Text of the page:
Four years after Colombia’s left-wing FARC insurgents agreed to lay down arms and bring the country closer to ending its 50-year-long civil war, hundreds of demobilised rebels Sunday (November 1) took to the streets in capital Bogota, demanding an end to the violence against them.
The ex-combatants have been calling for a faithful implementation of the landmark 2016 peace deal, considered pivotal in bringing down overall levels of violence in Colombia, South America’s fourth-largest economy.
Since the deal’s signing, 236 former FARC fighters have been killed, and experts worry that the spate of killings could derail the peace process, impacting the region’s stability.
The FARC insurgency
The Revolutionary Armed Forces of Colombia (FARC) was the largest guerrilla group operating in the Colombian conflict –– Latin America’s longest-running civil strife that claimed over 2.2 lakh lives and left nearly 60 lakh internally displaced.
The group started in 1964 as the armed wing of the Colombian Communist Party, and jostled with right-wing paramilitaries, crime cartels and the Colombian government to maintain its influence throughout the Cold War-era conflict.
The FARC was considered a major threat to stability in Colombia, accused of carrying out bombings, assassinations, abductions and sex crimes. The group was also linked with Colombia’s multi-billion dollar illegal drug trade, and is believed to have drawn in millions of dollars from contraband trafficking. The group received external support from leftist governments in Cuba and Venezuela.
At its peak in the early 2000s, the FARC was known to have an army of 20,000 combatants, controlling around a third of Colombia. Among the group’s most notorious acts of terror at the time was the abduction of Senator and presidential candidate Ingrid Betancourt in 2002, whom the militants held along with 14 other hostages for six-and-a-half years, until their rescue by a military operation.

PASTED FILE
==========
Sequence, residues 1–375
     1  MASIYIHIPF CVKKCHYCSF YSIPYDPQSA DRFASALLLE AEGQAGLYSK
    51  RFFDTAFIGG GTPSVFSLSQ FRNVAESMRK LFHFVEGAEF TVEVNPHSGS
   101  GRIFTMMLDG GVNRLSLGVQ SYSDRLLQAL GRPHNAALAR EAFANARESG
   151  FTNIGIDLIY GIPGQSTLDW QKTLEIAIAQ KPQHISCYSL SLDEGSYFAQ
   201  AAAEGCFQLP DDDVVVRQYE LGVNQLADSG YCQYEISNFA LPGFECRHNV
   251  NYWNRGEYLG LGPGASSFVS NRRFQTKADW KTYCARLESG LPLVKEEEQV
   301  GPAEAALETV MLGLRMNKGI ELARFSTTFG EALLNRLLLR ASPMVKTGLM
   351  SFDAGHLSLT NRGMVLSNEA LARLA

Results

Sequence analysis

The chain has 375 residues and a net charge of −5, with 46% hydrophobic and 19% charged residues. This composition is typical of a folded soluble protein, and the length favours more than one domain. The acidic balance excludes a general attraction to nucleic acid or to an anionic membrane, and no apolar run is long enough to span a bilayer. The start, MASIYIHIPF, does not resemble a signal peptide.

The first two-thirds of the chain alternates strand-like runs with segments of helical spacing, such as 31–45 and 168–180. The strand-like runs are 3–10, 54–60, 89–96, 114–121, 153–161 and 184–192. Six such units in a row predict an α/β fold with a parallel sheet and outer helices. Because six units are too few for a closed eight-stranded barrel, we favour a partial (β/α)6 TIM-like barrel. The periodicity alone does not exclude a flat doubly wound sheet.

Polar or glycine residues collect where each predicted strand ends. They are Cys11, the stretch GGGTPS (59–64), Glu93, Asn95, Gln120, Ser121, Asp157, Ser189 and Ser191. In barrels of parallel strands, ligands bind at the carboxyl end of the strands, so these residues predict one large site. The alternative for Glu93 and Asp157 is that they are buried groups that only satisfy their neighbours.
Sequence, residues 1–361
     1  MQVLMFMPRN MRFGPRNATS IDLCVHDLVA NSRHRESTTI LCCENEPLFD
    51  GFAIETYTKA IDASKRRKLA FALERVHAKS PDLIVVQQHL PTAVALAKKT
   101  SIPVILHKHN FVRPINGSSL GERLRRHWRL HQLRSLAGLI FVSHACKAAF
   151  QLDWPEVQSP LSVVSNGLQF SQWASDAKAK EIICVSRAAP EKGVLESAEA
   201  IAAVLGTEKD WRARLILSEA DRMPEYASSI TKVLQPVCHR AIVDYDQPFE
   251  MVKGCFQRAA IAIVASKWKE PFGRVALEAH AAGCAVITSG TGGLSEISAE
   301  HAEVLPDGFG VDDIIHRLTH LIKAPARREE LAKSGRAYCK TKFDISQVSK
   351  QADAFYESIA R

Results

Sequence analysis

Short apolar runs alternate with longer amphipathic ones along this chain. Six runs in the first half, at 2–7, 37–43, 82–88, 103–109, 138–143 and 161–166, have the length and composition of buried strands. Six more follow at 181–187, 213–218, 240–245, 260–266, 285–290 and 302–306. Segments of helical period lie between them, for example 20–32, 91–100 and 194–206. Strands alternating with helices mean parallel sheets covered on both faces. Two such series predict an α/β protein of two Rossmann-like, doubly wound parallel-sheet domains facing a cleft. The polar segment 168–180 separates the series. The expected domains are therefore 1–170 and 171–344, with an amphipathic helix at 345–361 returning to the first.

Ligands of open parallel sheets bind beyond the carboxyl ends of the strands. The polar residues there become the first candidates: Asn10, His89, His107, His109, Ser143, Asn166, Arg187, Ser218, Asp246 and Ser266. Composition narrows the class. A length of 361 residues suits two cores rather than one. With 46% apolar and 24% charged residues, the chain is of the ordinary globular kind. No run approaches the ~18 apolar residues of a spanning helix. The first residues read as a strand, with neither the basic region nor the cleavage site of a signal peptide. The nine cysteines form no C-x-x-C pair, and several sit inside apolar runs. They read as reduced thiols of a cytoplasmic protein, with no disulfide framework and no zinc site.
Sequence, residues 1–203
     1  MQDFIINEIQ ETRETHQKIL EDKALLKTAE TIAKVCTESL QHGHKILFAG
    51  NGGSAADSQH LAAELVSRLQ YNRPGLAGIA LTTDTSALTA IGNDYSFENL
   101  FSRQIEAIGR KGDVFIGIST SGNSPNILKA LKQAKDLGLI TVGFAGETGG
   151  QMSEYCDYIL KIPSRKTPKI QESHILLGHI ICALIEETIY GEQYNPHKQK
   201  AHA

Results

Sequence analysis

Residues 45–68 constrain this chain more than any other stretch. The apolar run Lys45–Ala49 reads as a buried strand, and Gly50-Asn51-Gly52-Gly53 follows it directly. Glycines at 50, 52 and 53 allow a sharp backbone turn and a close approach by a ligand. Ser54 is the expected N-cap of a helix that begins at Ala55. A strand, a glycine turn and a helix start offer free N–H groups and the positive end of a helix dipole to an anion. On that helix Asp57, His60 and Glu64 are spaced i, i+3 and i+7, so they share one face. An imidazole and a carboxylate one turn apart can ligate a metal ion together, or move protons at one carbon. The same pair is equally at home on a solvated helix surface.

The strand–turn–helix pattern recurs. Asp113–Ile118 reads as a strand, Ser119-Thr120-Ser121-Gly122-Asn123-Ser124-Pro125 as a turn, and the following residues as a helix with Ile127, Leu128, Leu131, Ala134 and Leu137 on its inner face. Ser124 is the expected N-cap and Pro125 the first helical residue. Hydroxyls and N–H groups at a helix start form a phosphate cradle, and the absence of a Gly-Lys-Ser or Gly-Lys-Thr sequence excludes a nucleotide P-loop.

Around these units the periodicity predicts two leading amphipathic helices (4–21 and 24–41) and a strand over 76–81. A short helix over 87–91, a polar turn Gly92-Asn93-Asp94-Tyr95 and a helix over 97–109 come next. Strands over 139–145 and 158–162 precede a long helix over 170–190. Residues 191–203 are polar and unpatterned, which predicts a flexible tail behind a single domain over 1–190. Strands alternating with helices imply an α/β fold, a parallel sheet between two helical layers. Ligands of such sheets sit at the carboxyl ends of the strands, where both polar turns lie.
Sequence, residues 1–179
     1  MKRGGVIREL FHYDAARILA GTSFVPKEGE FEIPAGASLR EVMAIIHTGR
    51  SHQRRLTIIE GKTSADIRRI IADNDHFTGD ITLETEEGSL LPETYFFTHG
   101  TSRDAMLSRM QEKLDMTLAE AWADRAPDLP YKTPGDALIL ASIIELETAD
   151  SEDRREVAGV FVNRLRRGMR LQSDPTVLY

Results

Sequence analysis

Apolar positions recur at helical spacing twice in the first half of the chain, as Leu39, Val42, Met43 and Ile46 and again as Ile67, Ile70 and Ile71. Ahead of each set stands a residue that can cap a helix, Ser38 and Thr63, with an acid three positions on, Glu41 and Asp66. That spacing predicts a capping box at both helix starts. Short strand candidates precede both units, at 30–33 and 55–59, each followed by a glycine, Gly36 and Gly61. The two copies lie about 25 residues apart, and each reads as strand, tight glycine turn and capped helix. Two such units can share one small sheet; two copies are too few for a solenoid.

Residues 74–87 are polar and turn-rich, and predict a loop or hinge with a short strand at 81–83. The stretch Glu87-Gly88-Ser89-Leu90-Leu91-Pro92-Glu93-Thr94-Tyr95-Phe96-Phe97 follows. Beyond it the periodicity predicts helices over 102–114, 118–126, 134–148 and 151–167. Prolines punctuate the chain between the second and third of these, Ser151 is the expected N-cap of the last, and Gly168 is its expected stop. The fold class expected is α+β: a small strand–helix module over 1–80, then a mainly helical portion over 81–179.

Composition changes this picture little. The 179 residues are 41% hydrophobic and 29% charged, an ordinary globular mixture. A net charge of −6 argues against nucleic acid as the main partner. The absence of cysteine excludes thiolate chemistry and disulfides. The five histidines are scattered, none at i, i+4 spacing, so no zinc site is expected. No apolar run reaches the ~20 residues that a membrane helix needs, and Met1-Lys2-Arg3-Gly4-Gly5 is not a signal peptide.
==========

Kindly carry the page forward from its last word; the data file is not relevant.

In the next decade, however, the FARC’s strength dwindled after the government launched a series of offensives, and the group agreed to begin peace negotiations in Cuba in 2012.
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The 2016 peace agreement
After four years of negotiations, the government of former President Juan Manuel Santos signed a peace agreement with FARC in 2016, following which the group ceased armed hostilities, and 13,000 of its members demobilised by handing over weapons to the UN.
Ex-militants were given protection by bringing in an amnesty law, and the group was assured political representation for two terms in Colombia’s parliament, where it currently sits in the Opposition.
The Santos government sought popular approval for the deal, putting it up for a national referendum in October 2016, only to lose by a narrow margin of 0.4 per cent. The shock defeat has since been compared with the surprising upsets in the UK Brexit referendum and the US presidential election that year.
After losing the referendum, the Santos government signed a revised deal with FARC, and got it approved by the Colombian Parliament in November the same year.
Santos was awarded the 2016 Nobel Peace Prize for his efforts to bring the civil war to an end. 📣 Click to follow Express Explained on Telegram
Why the peace deal could be in trouble
In 2018, right-wing politician Iván Duque won that year’s presidential election after running on an agenda of revising aspects of the 2016 agreement, which he argued was too lenient on the FARC rebels.
Critics have since accused the Duque government of undermining the peace process by refusing to deliver promises made under the deal, such as providing agricultural land to small scale farmers in rural areas. Duque’s attempts at changing provisions related to amnesty have also been blamed for some of the demobilised militants taking up arms again.
He has also been criticised for the country’s worsening security situation, with 971 social leaders killed since the signing of the peace deal, as per a CNN report.
A further escalation in violence, experts say, could destabilise Colombia’s countryside and make the deal’s implementation increasingly difficult. On its part, the Duque government has maintained that it remains committed to the peace process.
Analysts have suggested that the country’s future course could be heavily influenced by the outcome of the US presidential election. A Trump reelection, they say, would embolden Colombia’s conservatives to adopt more hardline measures that would chip away at the peace deal’s charted path. A Biden victory, on the other hand, is expected to bolster its implementation.
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